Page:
To be the master of your destiny, you need to know at what point you are going to walk away…
Perry Yeatman, former senior vice president at Kraft Foods and global head of issues management, and internationally acclaimed writer of, Get Ahead by Going Abroad, the go-to resource that reveals how women, single or married, can leverage this trend to showcase their skills and move up quickly on their own terms, spoke at Georgetown University this month on how women and men alike, can achieve successful and fulfilling careers, through periodization.
I was particularly drawn to Perry. Not because I resemble the tall, ginger-haired, striking blue-eyed, native New Yorker with a brash tone, and shockingly refreshing, but because our lives were strangely paralleled. Perry, smart and stubborn to the bone, “won’t stop can’t stop,” at any cost attitude, lived an expatriate dream life at the tender age of 21.
Determined and with nothing to lose, she took her first overseas job in Singapore just as the country was in the midst of transitioning into First World affluence. She dined with the King of Thailand. Terrified Singaporean children cried and ran in the opposite direction of the American expat who they deemed a scary witch lady with fiery hair. She wore sunglasses, instead. From there, she accepted a post in Russia, and finally, she landed her dream job in London. Of all her international experiences, though, nothing compared to the culture sticker shock that she experienced in Chicago, Illinois.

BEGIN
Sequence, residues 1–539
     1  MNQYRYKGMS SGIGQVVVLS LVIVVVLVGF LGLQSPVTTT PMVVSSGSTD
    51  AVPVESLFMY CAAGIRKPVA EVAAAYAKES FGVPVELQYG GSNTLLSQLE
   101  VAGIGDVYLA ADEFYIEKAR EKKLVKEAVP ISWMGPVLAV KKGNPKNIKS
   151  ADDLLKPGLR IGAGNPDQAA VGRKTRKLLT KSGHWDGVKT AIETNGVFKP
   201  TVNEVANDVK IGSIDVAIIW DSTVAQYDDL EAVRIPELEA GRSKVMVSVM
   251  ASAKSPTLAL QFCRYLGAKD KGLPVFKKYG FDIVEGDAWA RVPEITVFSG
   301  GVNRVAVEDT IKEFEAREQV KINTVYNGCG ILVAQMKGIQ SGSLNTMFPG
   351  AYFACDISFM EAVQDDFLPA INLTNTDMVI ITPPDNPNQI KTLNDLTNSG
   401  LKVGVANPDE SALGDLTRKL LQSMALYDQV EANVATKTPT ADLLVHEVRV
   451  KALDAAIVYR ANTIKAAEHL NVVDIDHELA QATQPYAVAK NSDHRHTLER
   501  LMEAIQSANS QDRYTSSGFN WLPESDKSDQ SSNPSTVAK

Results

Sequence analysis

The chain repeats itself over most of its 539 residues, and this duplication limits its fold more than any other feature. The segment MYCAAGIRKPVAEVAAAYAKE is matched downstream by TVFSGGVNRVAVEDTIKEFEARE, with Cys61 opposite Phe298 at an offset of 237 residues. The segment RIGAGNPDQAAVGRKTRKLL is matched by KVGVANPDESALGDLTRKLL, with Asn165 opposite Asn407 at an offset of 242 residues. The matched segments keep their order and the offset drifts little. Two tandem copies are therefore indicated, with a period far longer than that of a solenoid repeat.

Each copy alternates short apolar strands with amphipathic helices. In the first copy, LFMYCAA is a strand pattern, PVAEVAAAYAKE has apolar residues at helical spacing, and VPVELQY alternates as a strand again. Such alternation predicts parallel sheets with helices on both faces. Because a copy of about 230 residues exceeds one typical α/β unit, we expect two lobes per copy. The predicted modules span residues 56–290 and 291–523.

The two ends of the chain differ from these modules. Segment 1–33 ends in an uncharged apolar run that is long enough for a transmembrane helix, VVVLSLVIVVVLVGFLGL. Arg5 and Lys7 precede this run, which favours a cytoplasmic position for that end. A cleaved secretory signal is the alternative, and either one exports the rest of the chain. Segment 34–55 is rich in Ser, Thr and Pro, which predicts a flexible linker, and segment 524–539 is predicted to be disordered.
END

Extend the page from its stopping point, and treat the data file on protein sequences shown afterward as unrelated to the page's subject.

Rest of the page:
While majority of the women in her suburban neighborhood were housewives married to executive men, Yeatman was the executive wife married to a househusband. A straight shooting New Yorker lacking the grace and manners of a Midwesterner, and one of the few senior female corporate executives in the early 90s, Yeatman felt isolated and lonely at times, and it was here, in smack middle of the cornfields of this great nation, in Chicagoland, that she discovered her personal threshold and at what point she was willing to walk away.
Here were Yeatman’s key takeaways after sharing anecdotal moments pivotal to her professional and personal life challenges and growth.
- Take on an assignment overseas. It will mold you into a more globalized, forward-thinking individual in every aspect of your life, not just on the corporate level.
- You can pursue 3 things at any one time if you are lucky. You can’t be everything to everyone at the same time.
- In order to negotiate, you have to know what you want. Decide what the right price is for you.
- Have a plan and be comfortable with the plan and be ready for change. Let go of the things you can’t control.
- To understand entrepreneurship, you need to have a generalist experience and get as close to the business aspects as you can to understand how a business works.
- Money doesn’t drive happiness.
- To be the master of your destiny, know at what point you are going to walk away.
- Should you have a plan B? Nope! Throw it out the window!
- Advice for yourself: Take more time in your life, don’t run over people, and know it’s all going to work out. Finally, life is not a balance.
What are your 3 priorities in this phase of your life?